“Marriage is a relationship between one man and one woman,” he told cheering, standing graduates of Lynchburg, Virginia-based Liberty University, a regular campaign stop for Republican presidential candidates since President Ronald Reagan visited it a month before Election Day in 1980.
The topic has dominated the political conversation following President Barack Obama’s endorsement of gay marriage during a May 9 ABC News interview. Romney, the presumptive Republican nominee, is working to reconcile with evangelical voters, who backed his opponents during his party’s four-month primary contest and remain skeptical of his Mormon faith and his record on such issues as abortion and same-sex marriage.
At least one Liberty class -- Theology 678 -- Western and New Religions -- describes Mormonism as a “major cult” in the course catalog, and some students protested Romney’s selection as the commencement speaker on Facebook pages and on blogs.
Romney made only oblique reference to his religion.
Calling for Unity
“People of different faiths, like yours and mine, sometimes wonder where we can meet in common purpose, when there are so many differences in creed and theology,” the former Massachusetts governor told a stadium packed with 35,000 faculty, graduates and their families. “Surely the answer is that we can meet in service, in shared moral convictions about our nation stemming from a common world view.”
In his most expansive campaign remarks on the issues on faith and personal values, Romney, 65, played down differences in speaking at the school founded by the late televangelist, the Reverend Jerry Falwell. He cited the lives and sayings of a diverse collection of Christian leaders, including evangelical pastor Billy Graham, civil rights leader Martin Luther King Jr., Roman Catholic leader Pope John Paul II, and former primary opponent Rick Santorum, a favorite of born-again Christian Republicans who endorsed Romney in a May 7 e-mail to supporters.
“Central to America’s rise to global leadership is our Judeo-Christian tradition, with its vision of the goodness and possibilities of every life,” he said. “Culture -- what you believe, what you value, how you live -- matters,” he said.
Those values, he warned, can spark “the censure of the world” and become topics of political debate. “So it is today with the enduring institution of marriage.”
Family and Faith
Romney senior strategist Eric Fehrnstrom said the speech was “not a policy speech” and was meant to focus on the universal themes of family and faith.
Romney supports a constitutional amendment banning gay marriage and says benefits for same-sex couples should be determined by individual states.
Aides and supporters are divided over how strongly to highlight that position. Senior adviser Ed Gillespie has said the campaign should make the issue of gay rights “a bright-line difference in this campaign,” as a way to energize grassroots Republicans and independent voters in swing states -- such as Virginia and North Carolina -- who oppose gay marriage.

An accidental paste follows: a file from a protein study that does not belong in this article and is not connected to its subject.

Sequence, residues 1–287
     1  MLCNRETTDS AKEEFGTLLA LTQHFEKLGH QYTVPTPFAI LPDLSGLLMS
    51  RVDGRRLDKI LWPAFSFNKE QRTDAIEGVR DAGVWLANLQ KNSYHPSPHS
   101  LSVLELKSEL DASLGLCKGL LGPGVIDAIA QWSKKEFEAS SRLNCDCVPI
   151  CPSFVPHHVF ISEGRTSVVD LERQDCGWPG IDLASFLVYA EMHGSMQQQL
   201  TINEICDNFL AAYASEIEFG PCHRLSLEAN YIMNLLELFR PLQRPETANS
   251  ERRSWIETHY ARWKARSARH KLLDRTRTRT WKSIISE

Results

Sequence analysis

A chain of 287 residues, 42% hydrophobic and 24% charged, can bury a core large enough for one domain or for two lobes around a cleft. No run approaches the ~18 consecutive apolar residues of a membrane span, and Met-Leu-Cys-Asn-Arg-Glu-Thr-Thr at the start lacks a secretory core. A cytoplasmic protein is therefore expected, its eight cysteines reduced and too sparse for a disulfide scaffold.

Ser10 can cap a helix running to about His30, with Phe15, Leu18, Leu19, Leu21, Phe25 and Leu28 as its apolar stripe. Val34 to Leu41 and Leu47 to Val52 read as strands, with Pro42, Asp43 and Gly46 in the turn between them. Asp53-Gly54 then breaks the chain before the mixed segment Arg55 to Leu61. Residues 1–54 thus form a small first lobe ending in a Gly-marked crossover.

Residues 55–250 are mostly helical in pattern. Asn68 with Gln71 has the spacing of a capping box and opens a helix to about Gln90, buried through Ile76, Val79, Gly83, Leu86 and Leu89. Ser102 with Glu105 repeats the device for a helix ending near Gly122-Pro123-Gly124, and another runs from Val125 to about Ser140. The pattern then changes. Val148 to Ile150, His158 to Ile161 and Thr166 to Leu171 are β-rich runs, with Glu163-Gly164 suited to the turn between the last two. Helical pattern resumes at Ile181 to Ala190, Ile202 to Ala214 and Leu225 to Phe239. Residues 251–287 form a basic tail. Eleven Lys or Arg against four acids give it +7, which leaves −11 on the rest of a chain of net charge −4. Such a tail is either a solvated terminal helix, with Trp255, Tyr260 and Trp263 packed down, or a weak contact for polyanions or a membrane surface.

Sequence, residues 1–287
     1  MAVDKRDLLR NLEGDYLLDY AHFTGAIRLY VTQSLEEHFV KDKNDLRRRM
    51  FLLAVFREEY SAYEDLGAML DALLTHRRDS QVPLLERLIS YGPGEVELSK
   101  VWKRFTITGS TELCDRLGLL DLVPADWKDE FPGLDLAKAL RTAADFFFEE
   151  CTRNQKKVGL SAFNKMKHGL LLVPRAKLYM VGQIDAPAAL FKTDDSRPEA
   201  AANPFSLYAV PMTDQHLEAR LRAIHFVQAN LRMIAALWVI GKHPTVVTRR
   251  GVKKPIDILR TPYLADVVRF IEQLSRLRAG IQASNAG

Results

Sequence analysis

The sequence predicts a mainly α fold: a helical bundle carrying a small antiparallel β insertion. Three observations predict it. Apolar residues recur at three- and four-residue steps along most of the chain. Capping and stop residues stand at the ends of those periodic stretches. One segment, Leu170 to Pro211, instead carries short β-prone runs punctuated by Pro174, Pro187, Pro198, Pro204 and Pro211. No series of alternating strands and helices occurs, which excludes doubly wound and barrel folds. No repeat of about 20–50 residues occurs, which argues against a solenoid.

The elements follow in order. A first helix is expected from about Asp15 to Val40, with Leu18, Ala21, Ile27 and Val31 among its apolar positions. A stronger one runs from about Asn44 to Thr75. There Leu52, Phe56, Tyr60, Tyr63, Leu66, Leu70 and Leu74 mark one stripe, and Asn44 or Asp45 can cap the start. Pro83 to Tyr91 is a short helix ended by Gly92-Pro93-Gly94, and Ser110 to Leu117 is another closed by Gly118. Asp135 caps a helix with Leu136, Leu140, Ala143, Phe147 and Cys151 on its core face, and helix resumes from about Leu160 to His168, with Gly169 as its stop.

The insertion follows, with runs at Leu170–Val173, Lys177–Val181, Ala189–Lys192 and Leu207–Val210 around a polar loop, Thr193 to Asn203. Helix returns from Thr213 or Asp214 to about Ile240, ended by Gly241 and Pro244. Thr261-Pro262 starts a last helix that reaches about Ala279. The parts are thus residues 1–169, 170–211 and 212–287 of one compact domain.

Talking Points Memo
Republican strategist Jan van Lohuizen on May 11 distributed a talking points memo to elected officials urging a less strident position given the growing public support for same-sex marriage
“Support for same-sex marriage has been growing and in the last few years support has grown at an accelerated rate with no sign of slowing down,” van Lohuizen wrote. He recommended candidates couch the issue one of individual liberty and equal rights.
Other party strategists prefer that Romney stick to an economic message, which voters rank as their top concern and senior aides say gives the former businessman a natural advantage.
“The reason that the governor got into the race for president is because of the dismal state of the economy,” Fehrnstrom told reporters on a conference call yesterday. “Jobs and the economy is the message that carried him through the primaries. It’s what he takes with him into the general election, and it is why he’s going to win in November.”
Still, turnout among evangelical voters will be crucial for Romney to gain an advantage at the polls in November.
“I guess I’ll vote for Romney,” said Regina Silva, a mother of a graduate from Rural Retreat, Virginia. “He’s the only one left but I’m just afraid he’s not conservative enough on social issues.”
Mark DeMoss, a Liberty graduate and campaign aide, introduced Romney’s address with a speech recounting a lunch the former Massachusetts governor hosted at his Boston home when he was preparing his first bid for president in 2006.
After the meal, Romney sent each leader a wood chair inscribed with the state logo. On the back was a plaque that read: “There’s always room for you at my table.”
“I trust him,” said DeMoss, the son of a successful evangelical businessman whose name adorns a columned building on the campus. “I trust his values for I am convinced they mirror my own.”
To contact the reporter on this story: Lisa Lerer in Lynchburg, Virginia at firstname.lastname@example.org
To contact the editor responsible for this story: Jeanne Cummings at email@example.com